You might apply the same flavour of logic to the other aspect of the question, as well, and speak with a respected family counselor before committing to something, just to get their perspective of what the pitfalls are likely to be, and what sort of structures you should have in place to help in dealing with issues that do come up, while avoiding others, etc. I'm an optimist, so I'd like to think it could work out, but I'm sure that starting out with as much information as possible regarding the emotional, financial and legal aspects is vital.
posted by taz at 10:49 PM on January 2, 2004

This may not be in the same ballpark, but after our son was born, my exwife and I hired a live-in nanny. Within a few months, we were all sleeping together (well, not my son, of course). Things went really well for just over a year, until our nanny was badly injured in a car wreck, and after paying medical expenses from the lawsuit, she had about $300K left and she bought a horse farm.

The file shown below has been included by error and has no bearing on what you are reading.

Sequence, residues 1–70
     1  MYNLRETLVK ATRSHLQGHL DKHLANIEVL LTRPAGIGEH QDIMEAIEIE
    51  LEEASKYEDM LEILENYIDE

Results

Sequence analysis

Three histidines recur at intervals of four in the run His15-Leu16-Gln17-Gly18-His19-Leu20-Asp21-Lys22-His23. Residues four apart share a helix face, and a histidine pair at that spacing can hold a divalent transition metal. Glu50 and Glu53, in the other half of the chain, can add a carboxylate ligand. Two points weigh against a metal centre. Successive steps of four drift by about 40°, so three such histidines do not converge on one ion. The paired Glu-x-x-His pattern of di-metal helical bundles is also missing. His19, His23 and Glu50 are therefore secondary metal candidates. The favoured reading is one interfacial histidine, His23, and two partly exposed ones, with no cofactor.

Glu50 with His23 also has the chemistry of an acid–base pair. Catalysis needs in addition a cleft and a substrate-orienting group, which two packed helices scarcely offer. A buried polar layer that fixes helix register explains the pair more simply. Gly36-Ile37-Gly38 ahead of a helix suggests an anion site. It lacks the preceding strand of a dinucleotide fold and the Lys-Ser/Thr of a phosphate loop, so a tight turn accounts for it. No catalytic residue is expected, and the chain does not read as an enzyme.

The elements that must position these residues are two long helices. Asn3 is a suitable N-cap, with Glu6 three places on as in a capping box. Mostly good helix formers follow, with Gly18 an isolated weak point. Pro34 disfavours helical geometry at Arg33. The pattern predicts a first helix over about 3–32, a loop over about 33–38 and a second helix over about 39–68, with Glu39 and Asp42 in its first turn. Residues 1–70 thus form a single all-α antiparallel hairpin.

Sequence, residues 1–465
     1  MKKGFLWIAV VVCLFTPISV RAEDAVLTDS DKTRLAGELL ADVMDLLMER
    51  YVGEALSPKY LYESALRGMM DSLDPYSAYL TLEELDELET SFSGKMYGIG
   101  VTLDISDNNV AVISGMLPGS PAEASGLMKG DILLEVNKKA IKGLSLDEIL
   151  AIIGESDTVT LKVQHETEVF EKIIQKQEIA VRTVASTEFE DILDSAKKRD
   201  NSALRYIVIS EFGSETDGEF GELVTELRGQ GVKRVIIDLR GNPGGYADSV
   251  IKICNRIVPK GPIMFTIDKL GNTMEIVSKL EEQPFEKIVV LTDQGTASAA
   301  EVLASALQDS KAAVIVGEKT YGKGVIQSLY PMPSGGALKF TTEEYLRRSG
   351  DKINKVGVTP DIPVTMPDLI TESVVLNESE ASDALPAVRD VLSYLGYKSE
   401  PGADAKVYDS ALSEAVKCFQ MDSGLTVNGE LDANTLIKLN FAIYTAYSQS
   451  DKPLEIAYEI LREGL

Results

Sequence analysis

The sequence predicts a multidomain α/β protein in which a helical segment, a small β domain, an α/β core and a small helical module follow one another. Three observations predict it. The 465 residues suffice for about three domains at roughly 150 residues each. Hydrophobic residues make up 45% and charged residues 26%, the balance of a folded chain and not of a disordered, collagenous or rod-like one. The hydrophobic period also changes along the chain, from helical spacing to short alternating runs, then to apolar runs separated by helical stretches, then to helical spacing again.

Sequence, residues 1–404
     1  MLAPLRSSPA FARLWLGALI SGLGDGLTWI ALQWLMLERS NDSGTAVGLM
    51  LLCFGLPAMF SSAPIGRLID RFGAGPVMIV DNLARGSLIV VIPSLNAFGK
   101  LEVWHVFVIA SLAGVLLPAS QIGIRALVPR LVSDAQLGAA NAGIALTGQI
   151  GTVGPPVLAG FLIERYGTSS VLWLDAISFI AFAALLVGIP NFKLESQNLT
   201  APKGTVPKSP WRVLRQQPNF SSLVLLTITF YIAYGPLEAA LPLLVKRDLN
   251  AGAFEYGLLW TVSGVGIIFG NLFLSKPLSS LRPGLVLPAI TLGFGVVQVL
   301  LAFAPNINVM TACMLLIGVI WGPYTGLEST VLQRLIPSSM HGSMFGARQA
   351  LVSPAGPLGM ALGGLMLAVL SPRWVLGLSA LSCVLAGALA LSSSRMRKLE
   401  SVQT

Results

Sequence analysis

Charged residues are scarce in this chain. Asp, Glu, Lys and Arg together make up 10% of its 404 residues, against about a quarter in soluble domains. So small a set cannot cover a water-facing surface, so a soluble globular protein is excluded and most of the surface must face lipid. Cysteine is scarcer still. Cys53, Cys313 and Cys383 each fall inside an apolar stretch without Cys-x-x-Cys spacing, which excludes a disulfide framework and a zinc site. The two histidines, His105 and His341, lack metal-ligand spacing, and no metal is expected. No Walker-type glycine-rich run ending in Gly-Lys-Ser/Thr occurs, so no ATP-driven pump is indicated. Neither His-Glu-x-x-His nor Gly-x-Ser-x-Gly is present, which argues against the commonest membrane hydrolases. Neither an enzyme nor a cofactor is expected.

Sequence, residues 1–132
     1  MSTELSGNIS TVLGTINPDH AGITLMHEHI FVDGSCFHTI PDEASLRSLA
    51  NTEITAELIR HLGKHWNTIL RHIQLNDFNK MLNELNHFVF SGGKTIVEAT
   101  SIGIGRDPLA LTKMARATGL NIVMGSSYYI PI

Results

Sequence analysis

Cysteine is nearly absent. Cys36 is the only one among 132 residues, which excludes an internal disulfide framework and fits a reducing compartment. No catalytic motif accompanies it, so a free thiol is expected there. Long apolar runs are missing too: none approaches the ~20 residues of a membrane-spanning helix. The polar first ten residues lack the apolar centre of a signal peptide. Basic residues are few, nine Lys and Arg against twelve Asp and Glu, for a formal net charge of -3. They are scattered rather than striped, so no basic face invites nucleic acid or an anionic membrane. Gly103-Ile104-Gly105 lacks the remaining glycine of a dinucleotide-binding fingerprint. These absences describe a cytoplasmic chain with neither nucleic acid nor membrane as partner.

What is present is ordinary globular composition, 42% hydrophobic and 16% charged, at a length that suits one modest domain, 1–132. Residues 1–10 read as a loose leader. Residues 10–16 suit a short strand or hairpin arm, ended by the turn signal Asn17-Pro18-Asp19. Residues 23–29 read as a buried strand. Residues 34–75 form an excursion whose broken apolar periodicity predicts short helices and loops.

posted by mischief at 2:01 AM on January 3, 2004

i love the "of course" in the post above - i know a lot more couples who share their bed with their kid than with their nanny.

i'm confused about what's being considered. is the idea that all the adults are sleeping together, a la mischief, or is it just to combine resources in joint property? i think that's relevant for two reasons: (1) it may explain why people are cautious about answering and (2) any kind of sharing of space is going to require a lot of talking things out (imho) if it's going to be a success - presumably people who are sleeping together are going to communicate better (vain hope?).

incidentally, isn't the boing-boing chap in a three-way relationship? maybe a personal email would help? or was it someone from ntk? or are they the same person? or am i just very very confused?
posted by andrew cooke at 5:58 AM on January 3, 2004